We first found Soumbul Qureshi’s work when the #SouthAsianArtists hashtag was trending on Twitter and we were deeply enthralled by the fairytale, yet contemporary refreshing interpretation of her own imagination. Her illustrations will make a girl’s heart sing for joy, because it is lovely, feminine and tomboyish at the same time, which is our favourite kind of mix.
Soumbul Qureshi is a graphic designer and illustrator based in Kent, UK. She completed a BA Hons degree in Graphic Design: Visual Communications at the University for the Creative Arts, which led her to work in a digital design agency in Central London for 4 years. With a wide array of knowledge and experience in all areas of design including branding, editorial, web, and illustration, Soumbul prides herself on her eye for detail and thoughtful design solutions. Soumbul’s creative approach can be summed up in two words, Aesthetic & Intelligent.
For Creative Girls: Tell us your story and juicy growing up details. What steered you into being a Graphic designer and Illustrator?
Art, design and all things creative have been a part of my life ever since I was able to hold a pen. I was always drawn to intriguing visuals and felt compelled to explore my own abilities by emulating different styles and techniques (in drawing/sketching/painting). I knew whatever I ended up doing in the future, it would be something creative. I didn’t actually have anyone in my circle of friends or family who had gone down the creative route, so I felt like I was entering unknown territory with no-one to turn to for advice. South Asian culture isn’t exactly the most encouraging when it comes to pursuing the arts, but luckily my parents were super supportive. When choosing my university degree, I wasn’t sure exactly which route I wanted to go down as I had an interest in various disciplines within the creative industry including illustration, design, fashion, photography, and animation. It was quite overwhelming actually! I ended up narrowing it down to graphic design as I found a course at a university that looked really good. (Plus, everyone around me was telling me it was a more stable choice in terms of a career!). Fortunately, graphic design is a field that incorporates many creative disciplines so I was able to dabble in a bit of everything whilst studying. After I graduated, I was one of the lucky ones who managed to get an internship in a design agency in London, they soon employed me and I worked for them for 4 years before taking the (scary yet exciting) leap into Freelancing this year!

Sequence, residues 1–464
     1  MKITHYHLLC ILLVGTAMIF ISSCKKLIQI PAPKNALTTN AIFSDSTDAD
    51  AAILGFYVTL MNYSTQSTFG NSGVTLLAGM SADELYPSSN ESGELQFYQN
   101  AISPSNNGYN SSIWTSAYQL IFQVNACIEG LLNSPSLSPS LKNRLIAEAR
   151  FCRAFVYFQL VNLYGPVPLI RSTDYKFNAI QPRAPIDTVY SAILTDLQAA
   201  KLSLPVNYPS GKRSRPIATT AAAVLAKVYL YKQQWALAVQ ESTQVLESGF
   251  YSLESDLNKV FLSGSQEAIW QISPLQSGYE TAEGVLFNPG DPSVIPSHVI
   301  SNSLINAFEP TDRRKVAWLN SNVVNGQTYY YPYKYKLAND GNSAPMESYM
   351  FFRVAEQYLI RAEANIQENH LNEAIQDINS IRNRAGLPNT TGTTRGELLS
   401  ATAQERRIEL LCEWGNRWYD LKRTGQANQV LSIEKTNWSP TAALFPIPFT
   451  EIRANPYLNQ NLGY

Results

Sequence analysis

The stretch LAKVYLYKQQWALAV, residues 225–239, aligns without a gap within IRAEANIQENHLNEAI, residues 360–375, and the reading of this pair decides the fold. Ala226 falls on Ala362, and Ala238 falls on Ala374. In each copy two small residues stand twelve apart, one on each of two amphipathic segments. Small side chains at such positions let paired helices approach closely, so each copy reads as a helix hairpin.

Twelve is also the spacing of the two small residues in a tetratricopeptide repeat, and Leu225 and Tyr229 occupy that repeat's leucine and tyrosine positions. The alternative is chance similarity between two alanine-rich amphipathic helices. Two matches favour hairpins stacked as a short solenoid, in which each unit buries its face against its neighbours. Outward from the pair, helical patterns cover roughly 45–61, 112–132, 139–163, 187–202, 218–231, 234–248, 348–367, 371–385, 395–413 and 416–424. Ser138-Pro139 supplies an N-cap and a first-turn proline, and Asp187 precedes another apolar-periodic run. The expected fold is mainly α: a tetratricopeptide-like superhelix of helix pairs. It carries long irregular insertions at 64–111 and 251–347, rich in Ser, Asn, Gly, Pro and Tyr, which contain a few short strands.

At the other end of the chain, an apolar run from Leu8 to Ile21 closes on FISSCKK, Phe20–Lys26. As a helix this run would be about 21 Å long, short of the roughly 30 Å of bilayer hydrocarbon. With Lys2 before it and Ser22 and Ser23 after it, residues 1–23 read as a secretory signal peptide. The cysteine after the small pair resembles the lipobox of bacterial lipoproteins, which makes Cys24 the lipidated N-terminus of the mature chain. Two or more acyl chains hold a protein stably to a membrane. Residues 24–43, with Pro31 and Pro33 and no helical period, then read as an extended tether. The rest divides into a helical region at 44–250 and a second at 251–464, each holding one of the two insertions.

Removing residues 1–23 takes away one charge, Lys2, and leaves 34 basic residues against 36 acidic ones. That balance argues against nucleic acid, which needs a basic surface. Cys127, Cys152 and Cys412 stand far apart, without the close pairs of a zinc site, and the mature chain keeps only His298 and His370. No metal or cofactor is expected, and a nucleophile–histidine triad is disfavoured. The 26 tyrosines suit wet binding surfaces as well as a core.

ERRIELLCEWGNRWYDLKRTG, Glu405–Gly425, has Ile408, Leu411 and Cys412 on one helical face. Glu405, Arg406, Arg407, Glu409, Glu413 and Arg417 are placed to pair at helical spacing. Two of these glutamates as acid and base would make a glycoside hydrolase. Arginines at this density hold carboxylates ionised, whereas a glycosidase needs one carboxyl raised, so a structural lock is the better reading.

Wow! That’s a brave step Soumbul. How has Freelancing been? What does every day look like for you? Give us a peek into your daily life. How do you stay productive?